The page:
Carol, in her late 60s, had a joint bank account with her second husband. She put her A$60,000 in savings into it. Her husband didn’t have a regular wage but controlled the money, Carol also had a credit card but her husband monitored its use.
“I wouldn’t dare spend it on anything without speaking to him,” she said.
This use of a joint account to financially abuse is just one out of nine I encountered in a pilot study with my fellow researchers Marg Liddell and Jasvinder Sidhu. We examined how financial channels used to express care can also be used to control.
The pilot study is based on 40 interviews in metropolitan Anglo-Celtic and Indian communities in Melbourne and Sydney. There were 13 interviews with Anglo-Celtic women and 13 with Indian women with past experience of family violence (all have pseudonyms in this article). Another 14 interviews were conducted with community leaders and family violence service providers.
The women we interviewed all told of their partners monitoring, denying and restricting access to money. Men in these relationships also withheld their earnings from household use or stopped working, reducing their partner’s access to money, especially benefits.
In both the Anglo-Celtic and Indian communities cultural expectations around the way men and women manage and control money shape financial abuse in relationships. For example joint bank accounts are a symbol of commitment in Anglo-Celtic marriage.
But another stereotype of the man as the provider also proved to be a myth among the Anglo-Celtic women we interviewed. Of our 13 participants, ten husbands or partners didn’t provide financial support for their partners.
Karen, 60, said her husband stopped working two years after they got married. When he did work, he spent the money he earned on “men’s toys”, while she budgeted $1 a serve of meat per person.
In the Indian community money controlled by the male in the family, is a means of ensuring family protection and well-being. So, we found women in the Australian Indian community were slow to question the beginnings of financial abuse.
Fiona, 47, who used to work as a financial analyst, deposited her savings in her husband’s account. She said:
“I totally trusted him. I didn’t think I wanted to have my own account.”
Not all of our participants agreed to their husbands controlling their money. In the two stories we heard of women keeping their money separate from their partners, the marriage ended.
Asha, 32, an information technology professional and her husband had agreed to keep some money joint and the rest separate. After marriage, her husband pressed to control the household money. Asha said “He saw this as a trust issue.” The marriage ended in less than two years.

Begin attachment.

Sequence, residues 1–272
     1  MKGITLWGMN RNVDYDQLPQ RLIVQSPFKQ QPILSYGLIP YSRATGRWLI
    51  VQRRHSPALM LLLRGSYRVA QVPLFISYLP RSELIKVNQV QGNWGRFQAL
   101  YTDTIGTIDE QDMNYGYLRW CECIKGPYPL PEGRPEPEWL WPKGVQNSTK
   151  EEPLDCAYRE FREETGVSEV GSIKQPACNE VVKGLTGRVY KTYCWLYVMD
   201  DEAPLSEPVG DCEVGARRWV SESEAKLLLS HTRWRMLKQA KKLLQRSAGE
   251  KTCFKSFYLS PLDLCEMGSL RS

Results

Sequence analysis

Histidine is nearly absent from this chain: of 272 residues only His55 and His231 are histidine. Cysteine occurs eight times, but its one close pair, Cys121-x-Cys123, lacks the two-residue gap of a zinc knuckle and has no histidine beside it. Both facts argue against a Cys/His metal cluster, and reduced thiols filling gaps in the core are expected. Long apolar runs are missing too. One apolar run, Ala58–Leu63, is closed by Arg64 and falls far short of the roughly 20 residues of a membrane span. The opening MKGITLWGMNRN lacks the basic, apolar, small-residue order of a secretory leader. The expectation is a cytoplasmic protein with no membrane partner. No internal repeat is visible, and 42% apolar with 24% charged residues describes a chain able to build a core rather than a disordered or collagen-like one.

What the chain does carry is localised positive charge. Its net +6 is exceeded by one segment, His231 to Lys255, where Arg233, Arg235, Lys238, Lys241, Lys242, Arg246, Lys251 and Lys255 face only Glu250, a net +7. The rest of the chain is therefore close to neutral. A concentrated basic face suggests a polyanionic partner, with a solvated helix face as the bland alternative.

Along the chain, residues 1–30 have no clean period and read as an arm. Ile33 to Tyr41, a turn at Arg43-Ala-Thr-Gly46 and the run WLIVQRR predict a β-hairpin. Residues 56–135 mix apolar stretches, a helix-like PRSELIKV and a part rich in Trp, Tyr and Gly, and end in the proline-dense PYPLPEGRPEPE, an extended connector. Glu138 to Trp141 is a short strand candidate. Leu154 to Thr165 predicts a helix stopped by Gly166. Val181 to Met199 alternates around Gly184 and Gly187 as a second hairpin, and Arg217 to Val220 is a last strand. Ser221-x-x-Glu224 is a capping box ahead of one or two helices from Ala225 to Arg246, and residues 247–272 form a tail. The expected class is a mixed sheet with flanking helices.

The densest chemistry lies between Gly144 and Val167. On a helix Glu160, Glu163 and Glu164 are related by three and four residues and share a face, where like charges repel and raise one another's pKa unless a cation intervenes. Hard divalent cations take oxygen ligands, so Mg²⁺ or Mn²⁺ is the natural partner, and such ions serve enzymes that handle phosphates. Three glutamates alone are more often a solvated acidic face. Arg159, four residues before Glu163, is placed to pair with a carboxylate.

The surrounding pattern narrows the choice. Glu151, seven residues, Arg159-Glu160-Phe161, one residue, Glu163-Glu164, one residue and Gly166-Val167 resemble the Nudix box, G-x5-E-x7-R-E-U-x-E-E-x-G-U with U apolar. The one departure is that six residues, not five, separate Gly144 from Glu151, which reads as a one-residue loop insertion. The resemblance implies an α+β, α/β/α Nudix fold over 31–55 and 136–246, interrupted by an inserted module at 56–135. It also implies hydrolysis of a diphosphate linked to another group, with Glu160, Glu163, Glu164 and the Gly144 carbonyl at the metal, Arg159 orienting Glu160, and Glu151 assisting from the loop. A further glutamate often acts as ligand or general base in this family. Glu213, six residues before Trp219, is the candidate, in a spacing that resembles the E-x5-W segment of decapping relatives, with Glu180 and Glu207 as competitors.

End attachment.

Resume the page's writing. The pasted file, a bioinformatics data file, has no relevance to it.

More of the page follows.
Money for most Indian families belongs to the family rather than the couple. For example a lot of Indian parents fund their children’s education in Australia, they also help if they can with housing and investment. In return, children, particularly sons, see it as their duty to care for their parents in terms of money and care.
But this dynamic can also lead to the husband feeling entitled to sending his wife’s earnings - without consultation - to his parents. One of our study participants Devi, 33 came to Australia on a student visa in 2006, with her husband who had a spouse visa. She said:
“Sometimes, I knew he had sent money to his parents and sometimes, I did not…”
In Indian communities a husband may also feel he can legitimately ask his wife’s family for money and assets. This is in cases where there may or may not be dowry (payments from the bride’s family when the couple marry). However our interviews showed this can also lead to a continual extortion of money from the wife’s family.
Devi said her parents did not pay a dowry, but they paid the couple’s travel costs for migration. Under pressure from her husband, her parents sold land in India to help them buy land to build a house.
Another study participant’s parents also sent over A$100,000 which went to her husband for his business.
These are just results from our initial research and we hope to continue studying this type of financial abuse in other cultures, regional and rural areas and from the perspective of men.
If families are more sensitive as to how culture shapes conversations about money and respectful relationships, it could help to prevent this abuse. It also raises red flags for family violence service providers about how financial abuse crosses cultures.
Hearing these stories, a woman who teaches service providers how to identify financial abuse in our study said:
“I began to think how I should talk about money with my four year old daughter.”
Authors: Supriya Singh, Professor, Sociology of Communications, Graduate School of Business & Law, RMIT University